Superhero Movies

Drive

As the search for an actor to play Marvel’s Doctor Strange rages on, a new name has been added to the mix of possible contenders (read: “actors who have name recognition and even a passing interest in being in a superhero franchise”), with Ryan Gosling joining a list that also reportedly includes Jared Leto, Justin Theroux, Keanu Reeves and Ethan Hawke. THR reports that Gosling has at least met with the Marvel team to talk about the feature, which sounds like a  nice way to pass an afternoon. This news comes on the heels of yet another big, Gosling-centric superhero rumor: that he could also star in DC’s upcoming Suicide Squad feature. THR shares that Gosling is “being courted to star” in that film, with other names like Will Smith and Margot Robbie also mentioned for possible parts. It now seems unavoidable: Ryan Gosling will probably end up starring in a superhero film. But does he need to?

read more...

Suicide Squad

Amidst all the DC Comics hooplah that’s got everyone so riled up (Ezra Miller, a solo Cyborg film, the dreaded words: “Part Two”) was a piece of news that was more or less confirmed a month ago: David Ayer‘s Suicide Squad. It’s a project that’s been in discussion for about a year (the words “suicide” and “squad” were first mentioned in reference to Warner Bros. back in December), and last month Ayer was said to be circling the project — meaning he’ll take it, probably, unless a stray tennis ball knocks him out of orbit and towards another gritty WWII tank movie. And when WB put out yesterday’s ten-page rap sheet of upcoming flicks, there was Ayer’s name at number two on the list — right next to a “Suicide Squad” and a “2016.” In case you haven’t seen the Squad pop up on Arrow, the Arkham game series or their recent animated movie (they’re so hot right now), here’s a quick summation of what makes this squad so suicide-y. The Suicide Squad is a team of DC antiheroes (and outright supervillains) recruited by Amanda Waller (think DC’s Nick Fury, but more dickish), used as a super-secret superpowered blacks ops team. It’s a win-win for all: the various Squad members (usually, names like Deadshot, Captain Boomerang, Bronze Tiger and Count Vertigo) get years off the multiple prison sentences they’re all constantly serving (they are supervillains, after all), while Waller gets a hit squad that can suffer a few casualties without anyone losing sleep at […]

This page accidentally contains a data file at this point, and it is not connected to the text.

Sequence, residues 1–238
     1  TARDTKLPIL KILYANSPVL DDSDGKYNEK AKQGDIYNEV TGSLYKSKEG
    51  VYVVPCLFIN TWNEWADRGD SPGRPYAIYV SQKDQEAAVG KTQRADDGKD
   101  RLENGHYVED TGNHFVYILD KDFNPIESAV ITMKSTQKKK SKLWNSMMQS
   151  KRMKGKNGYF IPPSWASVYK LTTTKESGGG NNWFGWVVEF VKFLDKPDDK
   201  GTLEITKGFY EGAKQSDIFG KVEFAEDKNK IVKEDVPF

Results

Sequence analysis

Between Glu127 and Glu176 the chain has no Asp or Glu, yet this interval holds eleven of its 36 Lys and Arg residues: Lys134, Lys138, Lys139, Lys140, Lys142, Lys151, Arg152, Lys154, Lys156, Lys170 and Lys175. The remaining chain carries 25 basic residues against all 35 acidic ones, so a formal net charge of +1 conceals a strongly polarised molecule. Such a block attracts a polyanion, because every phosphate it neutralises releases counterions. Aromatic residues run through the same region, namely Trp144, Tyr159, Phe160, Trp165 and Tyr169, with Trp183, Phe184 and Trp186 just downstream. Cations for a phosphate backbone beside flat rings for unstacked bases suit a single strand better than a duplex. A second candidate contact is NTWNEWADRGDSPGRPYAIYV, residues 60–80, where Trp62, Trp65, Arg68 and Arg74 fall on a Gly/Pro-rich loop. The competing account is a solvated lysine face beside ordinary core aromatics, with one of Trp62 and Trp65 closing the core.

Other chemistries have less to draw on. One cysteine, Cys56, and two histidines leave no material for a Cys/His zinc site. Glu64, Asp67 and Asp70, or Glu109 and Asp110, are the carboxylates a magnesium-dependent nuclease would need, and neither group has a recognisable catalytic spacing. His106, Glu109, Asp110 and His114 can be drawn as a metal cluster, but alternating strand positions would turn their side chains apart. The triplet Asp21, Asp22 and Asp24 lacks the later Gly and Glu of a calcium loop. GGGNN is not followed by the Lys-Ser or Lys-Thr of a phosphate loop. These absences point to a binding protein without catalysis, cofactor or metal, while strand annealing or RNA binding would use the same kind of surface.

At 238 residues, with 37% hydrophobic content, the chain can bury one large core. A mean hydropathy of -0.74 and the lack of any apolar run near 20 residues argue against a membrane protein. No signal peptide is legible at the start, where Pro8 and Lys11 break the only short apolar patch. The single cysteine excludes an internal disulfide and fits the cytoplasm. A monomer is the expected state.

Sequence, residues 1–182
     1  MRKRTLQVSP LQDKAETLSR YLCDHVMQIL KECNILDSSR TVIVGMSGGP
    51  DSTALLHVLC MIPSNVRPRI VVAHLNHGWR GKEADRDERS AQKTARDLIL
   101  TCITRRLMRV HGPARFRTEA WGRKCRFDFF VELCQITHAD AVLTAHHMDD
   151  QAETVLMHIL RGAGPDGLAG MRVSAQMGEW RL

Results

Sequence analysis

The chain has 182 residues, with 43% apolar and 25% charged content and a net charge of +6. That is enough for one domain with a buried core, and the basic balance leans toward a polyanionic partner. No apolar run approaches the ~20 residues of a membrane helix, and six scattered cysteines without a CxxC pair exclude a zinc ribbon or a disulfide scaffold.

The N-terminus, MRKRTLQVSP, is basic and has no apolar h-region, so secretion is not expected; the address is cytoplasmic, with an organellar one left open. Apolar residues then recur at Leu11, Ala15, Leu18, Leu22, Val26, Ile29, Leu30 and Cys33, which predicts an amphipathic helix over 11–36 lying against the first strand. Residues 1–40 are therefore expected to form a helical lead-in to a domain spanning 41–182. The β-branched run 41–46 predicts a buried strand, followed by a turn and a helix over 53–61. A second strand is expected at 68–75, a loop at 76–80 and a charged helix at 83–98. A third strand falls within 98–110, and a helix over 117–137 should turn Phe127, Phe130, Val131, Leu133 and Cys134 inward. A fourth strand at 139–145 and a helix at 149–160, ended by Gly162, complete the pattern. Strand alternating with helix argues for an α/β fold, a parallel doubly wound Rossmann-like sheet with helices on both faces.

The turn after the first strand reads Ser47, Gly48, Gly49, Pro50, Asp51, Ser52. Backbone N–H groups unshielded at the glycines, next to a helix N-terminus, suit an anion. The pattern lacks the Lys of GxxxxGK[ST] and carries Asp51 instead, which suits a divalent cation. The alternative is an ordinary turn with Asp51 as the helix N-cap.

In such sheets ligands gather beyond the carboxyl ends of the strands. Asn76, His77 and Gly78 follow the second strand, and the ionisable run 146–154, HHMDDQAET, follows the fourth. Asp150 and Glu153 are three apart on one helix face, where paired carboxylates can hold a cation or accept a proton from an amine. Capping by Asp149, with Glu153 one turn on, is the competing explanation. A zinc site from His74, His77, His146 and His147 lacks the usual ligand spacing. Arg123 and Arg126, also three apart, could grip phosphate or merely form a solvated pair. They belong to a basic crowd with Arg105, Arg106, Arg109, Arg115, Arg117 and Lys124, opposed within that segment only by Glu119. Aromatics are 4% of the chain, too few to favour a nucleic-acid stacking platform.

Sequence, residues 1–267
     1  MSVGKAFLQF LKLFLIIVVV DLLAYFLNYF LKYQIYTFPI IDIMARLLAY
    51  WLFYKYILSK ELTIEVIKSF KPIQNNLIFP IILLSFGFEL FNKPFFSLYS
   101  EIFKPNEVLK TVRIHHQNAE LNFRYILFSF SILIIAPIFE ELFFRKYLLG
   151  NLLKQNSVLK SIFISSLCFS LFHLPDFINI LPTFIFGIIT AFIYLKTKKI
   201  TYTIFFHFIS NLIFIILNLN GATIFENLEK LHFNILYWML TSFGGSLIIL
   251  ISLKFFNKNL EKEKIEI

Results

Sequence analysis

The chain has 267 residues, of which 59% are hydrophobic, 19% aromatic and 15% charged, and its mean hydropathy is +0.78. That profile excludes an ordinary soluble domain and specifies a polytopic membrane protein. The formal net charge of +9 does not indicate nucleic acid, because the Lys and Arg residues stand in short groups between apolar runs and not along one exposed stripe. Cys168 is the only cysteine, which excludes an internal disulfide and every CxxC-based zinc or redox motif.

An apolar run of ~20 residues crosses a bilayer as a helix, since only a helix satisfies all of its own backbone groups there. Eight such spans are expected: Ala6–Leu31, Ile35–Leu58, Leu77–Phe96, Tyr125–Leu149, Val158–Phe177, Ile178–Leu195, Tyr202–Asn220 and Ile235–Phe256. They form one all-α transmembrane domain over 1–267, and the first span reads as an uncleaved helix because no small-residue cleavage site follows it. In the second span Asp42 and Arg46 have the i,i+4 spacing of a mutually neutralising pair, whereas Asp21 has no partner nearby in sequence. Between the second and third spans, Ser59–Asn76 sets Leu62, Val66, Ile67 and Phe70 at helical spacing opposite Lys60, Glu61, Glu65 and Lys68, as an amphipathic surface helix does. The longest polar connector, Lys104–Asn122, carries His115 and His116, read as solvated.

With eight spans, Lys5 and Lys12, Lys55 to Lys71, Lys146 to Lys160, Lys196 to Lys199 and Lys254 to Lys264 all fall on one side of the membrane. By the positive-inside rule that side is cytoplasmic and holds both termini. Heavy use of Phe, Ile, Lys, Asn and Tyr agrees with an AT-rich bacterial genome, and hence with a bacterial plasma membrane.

read more...

Justice League movie

Quick question: what do you have going on in your life for, oh, like the next six years? You’re free? Awesome, because Hollywood has just changed that for you in a big, big way. You’re busy now. Yes, for the next six years. With yesterday’s announcement of Warner Bros.’ extensive DC Comics-centric release schedule — which starts in 2016 and goes like a freight train all the way up until 2020 — the superhero movies landscape has ballooned out to almost unfathomable levels. Remember when Batman v Superman: Dawn of Justice seemed like a distant dream? Just wait until you hear how long you have to wait for your Green Lantern reboot (hint: it’s a long time). Get out your day planners, people (okay, fine, your phones), and let’s plan out our next six years of superheroic movie-going madness. Print it out. Stick it on your fridge. Tell your friends. And buckle up.

read more...

Guardians of the Galaxy Starlord

The reaction to The Amazing Spiderman 2 has started an intense critical dialogue about superhero films, foremost in this Criticwire survey. I particularly recommend reading Glenn Kenny and Richard Brody’s responses – they represent very different types of reactions to the question ‘Are there too many superhero movies?’ (both of which are reactions I sympathize with). Many of the critics offer some variation of the old ‘The superhero genre is like the western, it’ll eventually get good if you get it time!’ argument. Comparing Superhero films to Westerns has become a cliché, a bit of received wisdom that has thus far been passed without much skepticism or examination. It has become a truism among the faithful that comic book films will become the next great chapter in American genre art, if only we have a little patience. While it’s hard to not see some superficial similarities between the two genres (they’re both largely action oriented, both involve elements of myth and morality play, and both began as adolescent entertainment), I think it’s clear that the western genre was (and is) varied and adaptable in a way that superhero films haven’t been. Matt Zoller Seitz offers an excellent critique of the “sameness” of superhero films. The Atlantic’s Tim Wainwright argues in response that what we need are more superhero films, not fewer. I can understand what he’s saying, but I’m not sure more films will yield the result he expects. The number of times something is made is much less important than how it is made, and what inherent values the […]

read more...

Edge of Tomorrow

The best movie culture writing from around the internet-o-sphere. There will be a quiz later. Just leave a tab open for us, will ya?

read more...

Alien Queen

The best movie culture writing from around the internet-o-sphere. There will be a quiz later. Just leave a tab open for us, will ya?

read more...

Storm in Days of Future Past

More genres, more stories, more women. This week we welcome on Screen Rant‘s Ben Kendrick for an omnibus discussion of the amazing, as-yet-unrealized potential for superhero movies. At what point will audiences get bored with the same rehashed stories? At what point will one superhero movie lose big to another superhero movie in a crowded summer? At what point will studios develop the guts to take real risks? The future may be sooner than we think. Plus, Geoff challenges me to a round of Interrogation Reviewification for The Amazing Spider-Man 2, asking perhaps the most difficult question this series has ever heard. You should follow Ben (@benkendrick), the show (@brokenprojector), Geoff (@drgmlatulippe) and Scott (@scottmbeggs) on Twitter for more on a daily basis. Please review us on iTunes Download Episode #56 Directly Or subscribe Through iTunes